Sour Rye Bread Recipe


The River Cottage Bread HandbookRye makes dense, heavy bread, as it has very few gluten-forming proteins. It is very tasty, though, and well worth making. You could replace some of the flour (perhaps 250 g) with strong white bread flour to lighten it if you like, but I love the full flavour of pure rye and as long as it is sliced thinly, its texture is a pleasure, not a chore. Kneading it is somewhat less satisfying than with high-gluten doughs, in that it doesn’t become stretchy, or resilient, or silky. In fact, it doesn’t seem to change much at all. This means less work for you, though; 5 minutes should be quite enough. I also suggest shaping the loaves straight away, giving them a single, long rise. Rye bread doesn’t seem to benefit from the usual longer process of rising and deflating, which mainly serves to develop the structure of high-gluten breads.

  • Yield: 2 loaves


  • 1.1 kg dark rye flour, plus extra for dusting
  • 25 g salt
  • 600 ml warm water
  • A ladleful of sourdough starter
  • A good slug of sunflower oil (optional)
How to Make It
  1. Combine the rye flour, salt, water and starter in a large bowl and mix to a dough, adding more flour or water if needed, to make a soft, easily kneadable dough. Mix in the oil, if using. Turn the dough out on to a clean worktop and knead for about 5 minutes; you’ll probably need extra flour as it will be quite sticky. Divide the dough into two or three, shape into loaves and dust well with flour.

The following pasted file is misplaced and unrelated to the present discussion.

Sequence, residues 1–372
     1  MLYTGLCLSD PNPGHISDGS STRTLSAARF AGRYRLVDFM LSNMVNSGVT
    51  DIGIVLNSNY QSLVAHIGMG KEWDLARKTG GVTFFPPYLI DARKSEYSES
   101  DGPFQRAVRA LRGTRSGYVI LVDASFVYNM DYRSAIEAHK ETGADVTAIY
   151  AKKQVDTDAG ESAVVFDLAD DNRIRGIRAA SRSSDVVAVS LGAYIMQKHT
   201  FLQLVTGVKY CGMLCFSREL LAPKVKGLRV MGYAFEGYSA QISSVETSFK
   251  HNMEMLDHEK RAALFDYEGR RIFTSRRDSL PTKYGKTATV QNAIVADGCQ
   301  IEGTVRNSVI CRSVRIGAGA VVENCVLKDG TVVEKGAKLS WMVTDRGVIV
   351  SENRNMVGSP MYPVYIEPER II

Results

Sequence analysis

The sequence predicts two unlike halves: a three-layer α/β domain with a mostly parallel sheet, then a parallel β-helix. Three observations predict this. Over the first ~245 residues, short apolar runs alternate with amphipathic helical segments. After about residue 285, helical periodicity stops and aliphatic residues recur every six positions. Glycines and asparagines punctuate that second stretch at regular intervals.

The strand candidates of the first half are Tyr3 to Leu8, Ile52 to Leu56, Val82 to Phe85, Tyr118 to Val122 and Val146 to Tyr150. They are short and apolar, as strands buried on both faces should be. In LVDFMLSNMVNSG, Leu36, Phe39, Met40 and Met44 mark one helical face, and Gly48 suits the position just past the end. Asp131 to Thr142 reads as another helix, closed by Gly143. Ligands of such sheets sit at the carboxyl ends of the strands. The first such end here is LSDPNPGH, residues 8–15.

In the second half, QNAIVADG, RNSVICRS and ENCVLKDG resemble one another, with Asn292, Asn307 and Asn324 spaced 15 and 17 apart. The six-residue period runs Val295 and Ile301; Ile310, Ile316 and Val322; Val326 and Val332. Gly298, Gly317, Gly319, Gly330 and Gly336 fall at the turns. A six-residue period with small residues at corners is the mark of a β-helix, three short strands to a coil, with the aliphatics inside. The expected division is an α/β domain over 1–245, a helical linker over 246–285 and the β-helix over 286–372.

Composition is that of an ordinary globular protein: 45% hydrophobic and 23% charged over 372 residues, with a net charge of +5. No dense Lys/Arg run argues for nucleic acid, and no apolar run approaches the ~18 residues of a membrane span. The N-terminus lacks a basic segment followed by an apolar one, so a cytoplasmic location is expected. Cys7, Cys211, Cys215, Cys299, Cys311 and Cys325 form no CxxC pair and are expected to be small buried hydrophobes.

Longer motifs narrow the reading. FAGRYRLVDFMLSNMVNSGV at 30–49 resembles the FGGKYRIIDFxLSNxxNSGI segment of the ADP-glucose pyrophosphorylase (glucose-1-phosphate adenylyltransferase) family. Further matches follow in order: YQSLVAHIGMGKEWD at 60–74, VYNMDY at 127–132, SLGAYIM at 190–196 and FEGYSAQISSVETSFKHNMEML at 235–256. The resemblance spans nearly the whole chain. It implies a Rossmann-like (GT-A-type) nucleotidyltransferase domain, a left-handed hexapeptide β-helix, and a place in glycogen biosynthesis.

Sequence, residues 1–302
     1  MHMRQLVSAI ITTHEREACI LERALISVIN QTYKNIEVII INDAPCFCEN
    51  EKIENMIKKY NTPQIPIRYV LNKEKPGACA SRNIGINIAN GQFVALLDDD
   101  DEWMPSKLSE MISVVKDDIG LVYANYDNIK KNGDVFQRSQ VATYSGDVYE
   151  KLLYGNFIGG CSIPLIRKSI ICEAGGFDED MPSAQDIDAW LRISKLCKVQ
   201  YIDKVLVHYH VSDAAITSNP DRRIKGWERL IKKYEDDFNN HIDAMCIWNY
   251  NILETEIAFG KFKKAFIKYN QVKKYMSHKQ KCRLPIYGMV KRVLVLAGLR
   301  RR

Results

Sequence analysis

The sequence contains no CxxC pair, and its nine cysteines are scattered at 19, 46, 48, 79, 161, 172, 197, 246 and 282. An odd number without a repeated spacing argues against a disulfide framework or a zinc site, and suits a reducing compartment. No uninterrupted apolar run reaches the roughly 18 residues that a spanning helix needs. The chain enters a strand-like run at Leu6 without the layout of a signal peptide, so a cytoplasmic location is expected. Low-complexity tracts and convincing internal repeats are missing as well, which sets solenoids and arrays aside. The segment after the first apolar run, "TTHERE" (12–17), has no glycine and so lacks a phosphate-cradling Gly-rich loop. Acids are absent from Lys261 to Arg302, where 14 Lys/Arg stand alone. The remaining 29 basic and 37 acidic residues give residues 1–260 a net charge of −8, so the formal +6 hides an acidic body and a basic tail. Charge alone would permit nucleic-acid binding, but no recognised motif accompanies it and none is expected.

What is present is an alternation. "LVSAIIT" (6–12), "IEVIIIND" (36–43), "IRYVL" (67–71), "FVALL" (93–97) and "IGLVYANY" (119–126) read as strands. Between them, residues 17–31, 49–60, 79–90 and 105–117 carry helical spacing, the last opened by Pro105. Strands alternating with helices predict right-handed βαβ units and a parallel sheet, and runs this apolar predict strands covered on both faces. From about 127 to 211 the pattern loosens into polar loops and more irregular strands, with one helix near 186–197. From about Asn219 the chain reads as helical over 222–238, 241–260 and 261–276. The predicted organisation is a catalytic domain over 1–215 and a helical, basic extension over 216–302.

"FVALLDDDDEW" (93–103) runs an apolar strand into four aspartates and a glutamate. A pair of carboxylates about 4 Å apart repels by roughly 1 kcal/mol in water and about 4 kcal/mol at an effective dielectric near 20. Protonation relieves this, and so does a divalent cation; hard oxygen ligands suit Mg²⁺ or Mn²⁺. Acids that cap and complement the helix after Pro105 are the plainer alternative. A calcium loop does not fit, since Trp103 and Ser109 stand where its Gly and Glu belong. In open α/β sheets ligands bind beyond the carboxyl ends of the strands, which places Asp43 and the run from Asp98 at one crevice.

2. Leave to rise somewhere fairly warm, covered, ideally in well-floured proving baskets. You can use linen cloths or wooden boards, but as it is so low in gluten, unsupported rye bread tends to spread outwards rather than upwards, giving you flat loaves. Loaf tins would give higher, though less attractive loaves. Your dough needs to double in size, which can take anywhere from 1–4 hours, depending on the temperature of the dough and vigour of your starter. When almost ready, place your baking stone or tray in the oven and preheat the oven to 250°C/Gas Mark 10, or as hot as it will go.
  3. When ready to bake, turn your loaves, one at a time, on to a peel and slide them on to the baking stone in the oven or remove the tray, turn the loaves on to it and return to the oven. There is no need to slash rye bread. It will hardly rise, so slashes would barely open up anyway, and it is likely to crack attractively in the oven, especially if it has been well floured. Bake at the high temperature for about 10 minutes, then lower the heat to 180°C/Gas Mark 4 and bake for a further 20–30 minutes. Cool on a wire rack.

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